Appeal from a judgment of the District Court for the Southern District of New York.
Before SWAN, CHASE, and CLARK, Circuit Judges.
The appellants were indicted in the Southern District of New York, for conspiring, contrary to the provisions of 18 U.S.C.A. § 88, to commit an offense against the United States by receiving or attempting to obtain money for acting or forbearing to act in a bankruptcy proceeding in violation of 11 U.S.C.A. § 52, sub. b. After trial by jury in that court, they were all convicted and sentenced. This appeal followed.
The appellants seek reversal of the judgment on the ground that error was committed in denying their motion to dismiss and later to set aside the verdict for insufficiency of the evidence; and also rely upon errors in the denial of a motion to suppress evidence; in the introduction of evidence; and the denial of a motion to inspect memoranda made by witnesses for the government.
The evidence was clearly sufficient to make a prima facie case as follows:
One Hymowitz, who was the proprietor of a small drygoods store on the Bowery in New York City, was convicted of some offense relating to the use or possession of relief tickets issued by the City of New York and was imprisoned. His mother and sister engaged Robert Hoffman, an attorney and distant relative, to undertake to settle his business affairs with his creditors. They both had claims against Hymowitz for loans made him but were willing to waive them to further an effort to settle in a way sufficiently satisfactory to the merchandise creditors to enable Hymowitz to go back into business when he had served his sentence.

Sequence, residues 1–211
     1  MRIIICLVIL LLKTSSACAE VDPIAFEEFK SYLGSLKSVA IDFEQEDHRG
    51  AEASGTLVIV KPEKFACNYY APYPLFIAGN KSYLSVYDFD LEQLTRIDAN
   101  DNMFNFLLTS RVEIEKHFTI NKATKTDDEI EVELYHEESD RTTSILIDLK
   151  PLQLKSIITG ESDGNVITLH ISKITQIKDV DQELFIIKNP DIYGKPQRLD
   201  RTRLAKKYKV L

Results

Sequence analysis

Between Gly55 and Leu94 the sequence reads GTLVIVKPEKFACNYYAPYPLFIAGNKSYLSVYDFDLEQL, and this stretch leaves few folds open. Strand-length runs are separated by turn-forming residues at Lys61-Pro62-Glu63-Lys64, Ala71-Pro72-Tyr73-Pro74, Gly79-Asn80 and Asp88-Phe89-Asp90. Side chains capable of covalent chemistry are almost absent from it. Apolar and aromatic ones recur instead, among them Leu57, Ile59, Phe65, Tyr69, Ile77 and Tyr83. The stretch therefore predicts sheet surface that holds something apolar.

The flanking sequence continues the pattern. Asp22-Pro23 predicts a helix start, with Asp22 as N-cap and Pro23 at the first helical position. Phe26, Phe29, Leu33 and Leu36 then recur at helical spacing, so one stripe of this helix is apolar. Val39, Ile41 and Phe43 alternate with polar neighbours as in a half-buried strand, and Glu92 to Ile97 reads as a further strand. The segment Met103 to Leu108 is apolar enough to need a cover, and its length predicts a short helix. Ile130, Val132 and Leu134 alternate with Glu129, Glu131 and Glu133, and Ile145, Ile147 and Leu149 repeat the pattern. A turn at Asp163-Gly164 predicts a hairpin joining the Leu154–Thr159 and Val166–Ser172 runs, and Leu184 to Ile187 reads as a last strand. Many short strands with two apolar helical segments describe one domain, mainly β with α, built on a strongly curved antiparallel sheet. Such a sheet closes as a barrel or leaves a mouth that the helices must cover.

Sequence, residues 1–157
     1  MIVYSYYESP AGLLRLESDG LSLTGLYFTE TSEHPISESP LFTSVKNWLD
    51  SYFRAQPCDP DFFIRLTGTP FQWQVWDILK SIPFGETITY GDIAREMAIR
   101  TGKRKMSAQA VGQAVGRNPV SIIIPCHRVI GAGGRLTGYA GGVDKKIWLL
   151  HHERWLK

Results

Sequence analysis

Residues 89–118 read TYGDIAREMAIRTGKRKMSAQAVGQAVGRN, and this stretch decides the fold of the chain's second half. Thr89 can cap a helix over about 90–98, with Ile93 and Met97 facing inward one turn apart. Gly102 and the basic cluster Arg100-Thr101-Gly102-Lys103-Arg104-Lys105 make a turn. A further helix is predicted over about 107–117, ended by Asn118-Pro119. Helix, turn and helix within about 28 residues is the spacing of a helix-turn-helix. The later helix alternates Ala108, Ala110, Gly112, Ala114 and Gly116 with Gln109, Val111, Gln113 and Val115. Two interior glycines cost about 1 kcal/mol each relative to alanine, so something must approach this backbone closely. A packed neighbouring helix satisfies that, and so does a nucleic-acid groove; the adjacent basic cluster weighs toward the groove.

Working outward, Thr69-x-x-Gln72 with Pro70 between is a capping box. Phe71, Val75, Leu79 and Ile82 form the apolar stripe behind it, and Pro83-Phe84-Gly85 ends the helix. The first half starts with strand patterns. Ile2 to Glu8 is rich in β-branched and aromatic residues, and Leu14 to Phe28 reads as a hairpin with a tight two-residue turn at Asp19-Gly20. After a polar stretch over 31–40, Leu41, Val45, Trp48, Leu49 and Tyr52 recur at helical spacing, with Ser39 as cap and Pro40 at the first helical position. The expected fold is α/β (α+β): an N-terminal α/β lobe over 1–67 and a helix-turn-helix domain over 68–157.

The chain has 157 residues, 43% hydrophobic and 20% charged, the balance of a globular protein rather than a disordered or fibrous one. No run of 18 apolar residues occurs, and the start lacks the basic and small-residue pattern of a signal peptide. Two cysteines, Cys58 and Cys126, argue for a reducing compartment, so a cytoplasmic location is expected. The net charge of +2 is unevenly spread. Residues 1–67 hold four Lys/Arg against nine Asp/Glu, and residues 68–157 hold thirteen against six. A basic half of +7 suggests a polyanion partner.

Hoffman saw Hymowitz in prison and obtained his signature to a general assignment for the benefit of creditors, dated March 22, 1937, under which one Kolman, a lawyer associated with Hoffman, was the assignee. Hoffman then was retained by the assignee and the assignment proceedings were begun in the state court. A letter was sent to all creditors explaining the financial situation of Hymowitz. It was estimated, as therein stated, from information obtained from him and from an appraisal that the cost of his stock in trade was from $2,200 to $2,500; that there were Emergency Relief Bureau Vouchers on which about $250 could be realized and that "the City is also indebted to Paul Hymowitz in the further sum of approximately $200 in connection with other relief vouchers." The liabilities were given as about $2,500 and the co-operation of creditors was asked in aid of a stated "purpose to see that a thorough and proper administration is had and that creditors shall realize as close to one hundred per cent of their claims as possible."